Ford EVs Connect With Portland, GM Swings and Misses

· · 9 years ago

In advance of the launch of the Ford Transit Connect Electric van and other EVs, Ford started a 14-city promotional  tour in Portland, Oregon on Monday. Ford will sell limited numbers of Transit Connects later this year and electric Ford Focus' later in 2011. Ford is working with utilities, local government, and Portland State University to ensure that the city is ready with a charging infrastructure when the EVs arrive.

Portland is a natural fit for emissions-free driving. The mentality of its citizens is as a green as the ubiquitous coniferous trees, and the adoption of hybrids is among the highest in the nation.  Ford and Nissan recognize the opportunity to sell plug-in vehicles in the Northwest and have spent time and money marketing their vehicles in Oregon and Washington. Earlier this year, truck company Navistar chose Portland to unveil its eStar all-electric truck.

In choosing to invest time in Portland and make vehicles available here first, Ford will leverage a growing EV infrastructure.  Portland is a participant city in the DOE's EV Project, and the area will have 1,000 EV charge spots in place by July 2011, according to Portland General Electric's Charlie Allcock. Allcock said "some" of the 800,000 smart meters being deployed by PGE will be able to communicate with charging equipment. About one-third of PGE customers do not have a location at their primary residence for convenient home charging, a situation that Allcock said the utility is studying to find a solution.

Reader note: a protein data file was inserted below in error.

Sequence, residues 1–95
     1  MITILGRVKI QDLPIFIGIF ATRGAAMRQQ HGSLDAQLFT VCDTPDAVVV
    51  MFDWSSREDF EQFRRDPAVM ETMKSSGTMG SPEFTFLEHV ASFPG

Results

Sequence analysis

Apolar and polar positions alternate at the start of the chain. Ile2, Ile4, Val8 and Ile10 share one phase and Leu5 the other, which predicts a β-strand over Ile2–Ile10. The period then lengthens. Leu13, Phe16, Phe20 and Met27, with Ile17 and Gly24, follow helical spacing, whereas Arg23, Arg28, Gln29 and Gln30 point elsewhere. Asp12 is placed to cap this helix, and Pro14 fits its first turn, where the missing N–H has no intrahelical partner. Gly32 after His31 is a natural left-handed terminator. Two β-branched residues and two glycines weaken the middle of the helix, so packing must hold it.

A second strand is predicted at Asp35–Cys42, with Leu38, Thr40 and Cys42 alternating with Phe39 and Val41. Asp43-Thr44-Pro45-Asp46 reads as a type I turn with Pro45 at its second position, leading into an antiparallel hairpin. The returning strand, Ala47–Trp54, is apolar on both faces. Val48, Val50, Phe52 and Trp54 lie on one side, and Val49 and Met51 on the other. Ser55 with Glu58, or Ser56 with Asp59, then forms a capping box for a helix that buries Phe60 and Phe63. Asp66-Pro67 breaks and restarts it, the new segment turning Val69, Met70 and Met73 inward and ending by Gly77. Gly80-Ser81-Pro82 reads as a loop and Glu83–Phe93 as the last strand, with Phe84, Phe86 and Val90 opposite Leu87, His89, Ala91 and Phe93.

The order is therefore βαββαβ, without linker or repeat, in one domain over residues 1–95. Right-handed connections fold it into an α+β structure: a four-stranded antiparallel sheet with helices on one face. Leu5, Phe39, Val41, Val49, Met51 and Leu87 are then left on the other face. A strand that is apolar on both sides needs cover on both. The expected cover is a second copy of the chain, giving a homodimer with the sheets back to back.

Ford is also working with Microsoft so that the charging information that is collected wirelessly via the Sync platform used in its vehicles will be shared with the Redmond, Washington company's Hohm servers and made available online to Ford EV owners. Ford Manager of Electrification and Infrastructure Mike Tinskey said that the telematics system and Synch platform (which was launched in 2008) will be a differentiator for the vehicle, a reference to Nissan, which is creating a telematics and communications system for the Leaf.

The Northwest appears to be in General Motors' blind spot as the company is skipping over Portland and Seattle for its first shipment of the plug-in Chevrolet Volt, which won't be available in the region until sometime in 2012. GM representatives told me that the decision to sell first in states including California, New York and Connecticut (really?) was more about getting the maximum attention than satisfying the most rabid demand for EVs.

Representatives at Plug-in 2010 last month said that the company is "waging a media war" and felt that the other states had higher visibility in the press. GM is confident that because the Volt will be produced in such small numbers (only 40,000 through the end of 2012) that they'll sell out even if the Northwest isn't among the early areas to receive the cars.

While marketing to Times Square instead of Pioneer Square may serve GM in the short run, eschewing among the most adamant EV audiences that also will have the robust infrastructure for plugging in vehicles is short-sighted. By the time the Volt rolls into the Northwest, consumers will have alternatives from Mitsubishi, Toyota, Coda Automotive and Fisker Automotive to choose from. EV adoption is likely to cluster around largely coastal metropolitan hubs, and being the first Green on the block with an EV might require purchasing whatever is available at the time instead of queuing in a long line and hoping that a vehicle arrives. 

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